The writer gets to the point about tension, narrowing in and finding a story just about anywhere.
Greg Hardesty is a staff reporter for the Orange County Register where he often must turn around stories quickly and make them interesting, relatable and memorable. But a personal essay he wrote earlier this year about his teenage daughter’s astronomical tally of text messages–14,528 in a single month–not only landed him [and his daughter] on Dr. Phil and Rachel Ray, it had colleagues the world over writing about him. Greg teaches journalism at California State University, Fullerton. He is also a distance runner [of very, very long distances], and I was interested, among other things, to hear how the sport [passion] nourished his creativity.
The Writer’s Journey: How and when do you know in your gut that an idea is viable and worth following? Is there a telling moment for you?
Greg: Oh yes—a bell goes off when, more than anything, I feel a strong sense of curiosity: How did this person do that? What does this person’s wife/husband/child think of this? A key ingredient in any good story is a sense of tension or of a person overcoming odds or an obstacle, or a person with a reasonable amount of complexity; someone with shades of gray instead of black and white.
The Writer’s Journey: When it comes to writing would you describe your mind as a friend or foe? What’s his/her/its voice like?
Greg: Oh, it’s a friend—but one with a very demanding sense about what holds interest. My friend has ADD and if I can’t grab your attention at the beginning of the story, I am dead. My friend inside my head demands that a story be as interesting as possible. [dig this alert:] If I, the writer, am bored, the reader will have no change. My friend usually says, “Think cinematically. Think of the most compelling scene, and go from there.”
The Writer’s Journey: Taking the stance that creativity is a natural state, why do we get stuck? How do you overcome “stuckness” if you encounter it?
Greg: I reinterview people when I feel I do not have enough material. I go over notes again and again. [wow alert:] I rarely get stuck. There’s always some way to get into a story. The challenge really is, what is the most interesting way? To overcome stuckness, I walk away from a story and do something else and come back to it with a fresh mind/eyes.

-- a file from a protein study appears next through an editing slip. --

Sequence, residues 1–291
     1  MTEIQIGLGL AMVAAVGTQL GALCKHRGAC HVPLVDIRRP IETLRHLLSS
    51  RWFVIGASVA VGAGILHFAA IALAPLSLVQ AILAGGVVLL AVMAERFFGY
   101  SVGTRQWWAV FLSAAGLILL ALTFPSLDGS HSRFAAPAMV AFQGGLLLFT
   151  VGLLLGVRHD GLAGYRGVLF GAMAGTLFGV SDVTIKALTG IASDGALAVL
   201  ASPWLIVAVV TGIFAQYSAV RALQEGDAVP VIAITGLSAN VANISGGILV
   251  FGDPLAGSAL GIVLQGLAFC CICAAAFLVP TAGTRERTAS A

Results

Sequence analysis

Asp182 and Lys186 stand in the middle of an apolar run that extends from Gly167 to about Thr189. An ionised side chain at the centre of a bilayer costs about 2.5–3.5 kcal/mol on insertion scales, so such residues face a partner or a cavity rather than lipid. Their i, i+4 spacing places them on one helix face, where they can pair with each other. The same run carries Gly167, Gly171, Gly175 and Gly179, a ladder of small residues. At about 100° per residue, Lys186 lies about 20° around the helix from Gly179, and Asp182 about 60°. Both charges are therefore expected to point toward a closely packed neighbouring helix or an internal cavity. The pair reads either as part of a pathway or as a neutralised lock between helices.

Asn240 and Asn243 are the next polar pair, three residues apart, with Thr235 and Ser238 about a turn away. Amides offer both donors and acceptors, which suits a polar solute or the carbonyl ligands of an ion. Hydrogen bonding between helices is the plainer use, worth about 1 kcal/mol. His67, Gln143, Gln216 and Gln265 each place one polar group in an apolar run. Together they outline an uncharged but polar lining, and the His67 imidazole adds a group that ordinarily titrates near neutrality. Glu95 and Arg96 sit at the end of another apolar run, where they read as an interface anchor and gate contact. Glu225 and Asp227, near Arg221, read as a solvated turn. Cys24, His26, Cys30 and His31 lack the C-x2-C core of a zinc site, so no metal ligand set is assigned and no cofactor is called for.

The Writer’s Journey: Jackson Pollock said, “The painting has a life of its own. I try to let it come through.” Using his model for creation, how do you, as a feature writer and reporter, let a story come through?
Greg: It’s sort of an instinctual process. I let the person or subjects of the story rattle around in my head for several hours while I do something else. Then they usually speak to me in the sense that a clear picture of the essence of their story emerges, and then a specific scene that makes the essence of the story clear.
The Writer’s Journey: You’re a (long) distance (trail) runner. Does running fuel your writing? Can you describe what fuels your writing, if not, or in addition to running?
Greg: Running fuels my mind and spirit and absolutely helps my writing. It forces me to live in the moment, which makes me a more attentive person when I do an interview and allows me to focus more sharply when I review notes and sit down to right. Running supercharges my mind with a flood of endorphins and all that energy allows me to bust through the color and narrow in on a subject, much like I narrow in on where my feet land on the trail.
Greg lives in southern California in a canyon where it’s hard to get a cell phone signal. He was out running at the time this went live. Get to know him here: http://www.ocregister.com/articles/text-phone-texting-2275269-bill-daughter